Regardless of your stance on what’s probably one of the most polarizing issues in America, clinical abortion and the abortion pill are both still legal, and still something that, every day, women choose to make use of. And yet, for those who have never actually taken the pill, or experienced the procedure, the topic is an amalgamation of talking points, illustrated by images of horrific pre-Roe v. Wade chop-jobs and that scene from Juno when she goes to the clinic and the receptionist offers her a pie-scented condom.
A note: if you’re squeamish (I am, and this was a little difficult to write), you may not want to read the detailed descriptions below. But knowing how the procedure actually progresses may be helpful to women who are considering it, or who have always assumed it was an option (only to realize it may be something they don’t want to go through with).
An in-patient procedure performed at many hospitals and clinics, clinical abortions evacuate the fetus from the uterus to terminate a pregnancy. There are two kinds–aspiration, which uses a vacuum, or the dilation and evacuation method, which is most commonly used for later-term pregnancies, which are relatively rare and performed usually only in an emergency. Fewer than 5% of abortions occur later than 16 weeks. Nearly all states in the US have some sort of ban on late-term abortions.
Prior to any in-clinic abortion (performed legally in the United States, which all of this information is regarding. The discussion about illegal abortions like those which kill thousands of women in developing nations is a discussion for another day), the patient take a series of lab tests to confirm pregnancy and ensure that the procedure will be safe for the patient. This exam may also include an ultrasound. Additionally, the patient will be counseled on her decision, and on her options moving forward. She will then sign the necessary papers and the procedure will begin.
Patients are deeply sedated during an in-clinic abortion, but they aren’t usually put under local anesthetic. This sedative is usually the reason why patients are told to have someone to drive them home. As the sedative sets in, the procedure begins similarly to an annual gynecological visit, with the insertion of a speculum and an examination of the uterus. At this point, the patient’s cervix may be injected with numbing medication.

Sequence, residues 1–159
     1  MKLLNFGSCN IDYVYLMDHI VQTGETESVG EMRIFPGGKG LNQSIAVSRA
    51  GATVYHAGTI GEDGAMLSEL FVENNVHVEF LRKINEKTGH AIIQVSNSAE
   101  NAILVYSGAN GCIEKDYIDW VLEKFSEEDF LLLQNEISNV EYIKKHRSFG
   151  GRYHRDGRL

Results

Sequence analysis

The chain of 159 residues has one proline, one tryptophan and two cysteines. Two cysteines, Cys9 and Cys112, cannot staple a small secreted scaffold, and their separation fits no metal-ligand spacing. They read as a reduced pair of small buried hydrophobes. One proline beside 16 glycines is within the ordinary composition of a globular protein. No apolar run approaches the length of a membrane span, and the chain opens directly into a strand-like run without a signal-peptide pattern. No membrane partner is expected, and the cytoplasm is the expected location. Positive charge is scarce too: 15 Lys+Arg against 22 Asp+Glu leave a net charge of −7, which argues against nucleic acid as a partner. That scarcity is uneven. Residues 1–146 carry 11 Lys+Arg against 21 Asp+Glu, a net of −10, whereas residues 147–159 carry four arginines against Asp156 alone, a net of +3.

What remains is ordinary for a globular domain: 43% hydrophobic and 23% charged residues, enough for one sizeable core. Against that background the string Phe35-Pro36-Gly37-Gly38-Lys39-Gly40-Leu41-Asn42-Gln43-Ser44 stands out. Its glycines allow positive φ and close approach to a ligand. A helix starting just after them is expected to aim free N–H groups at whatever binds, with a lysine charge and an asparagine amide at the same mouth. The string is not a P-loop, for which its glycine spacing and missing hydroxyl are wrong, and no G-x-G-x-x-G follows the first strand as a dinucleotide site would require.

During an aspiration abortion, the cervix is then stretched to allow entrance into the uterus. Dilating medicine may be given, or dilation may be manually created with the use of several rods. This is often one of the more uncomfortable parts of the procedure.
After the cervix is dilated, a small tube will be inserted, and the contents of the uterus will be emptied, either with a mechanical suction device, or with a hand-operated one. At this time, many patients report feeling pressure, cramping, and some pain, despite sedation.
To prevent infection, the patient will be given antibiotics, which may leave the patient feeling slightly unwell in the following few days.
The actual procedure takes just 5 to 10 minutes.
A dilation and evacuation abortion, however, uses dilation medication to ensure the cervix is enlarged, and may take longer. Otherwise, the procedures are similar.
Following an abortion, rest is recommended, as many women feel fatigued–much like they’re experiencing severe menstrual symptoms. Bleeding after an abortion is common, as is cramping. Spotting may continue for up to six weeks, and irregular periods may take weeks to correct themselves.
Unlike an in-clinic abortion, a medicated abortion requires no actual procedure. However, an abortion pill can only work if a pregnancy is detected early, and is only effective up to 9 weeks after a woman’s last period. Over 60% of abortions occur during this window of time. A medical abortion is actually a three-step process.
Before being prescribed a medicated abortion, the patient will undergo a similar physical and counseling session as an in-clinic abortion. During this time, both options for abortions will be discussed.
Upon making her decision to use a medicated abortion to terminate, the patient will be given a pill to block the creation of progesterone in her body. The lack of progesterone will cause the uterine lining, which houses the fetal cells, to break down and leave the body without being manipulated by a doctor or a vacuum. Some bleeding is usually seen at this point, and some cramping may be felt.
The second step involves a drug called misoprostol. Taken up to 3 days after the progesterone-blocker, misoprostol prompts the uterus to empty itself. At this point, the patient will notice very heavy, very textured bleeding. This is the abortion, and it may last as long as 5 hours. After the actual abortion occurs, many women experience spotting for as long as 6 weeks. Misoprostol may cause nausea, diarrhea, and dizziness. A mild, over-the-counter painkiller is usually recommended.
The final step is a follow-up, during which time the patient will be checked to ensure that her uterus is, indeed, empty. She will receive a blood test, as well as an ultra-sound.
In the US, by the age of 30, it’s predicted that 4 in 10 women will have some form of abortion. Being prepared with information before setting foot in a doctor’s office can help make a difficult decision easier–regardless of what you choose.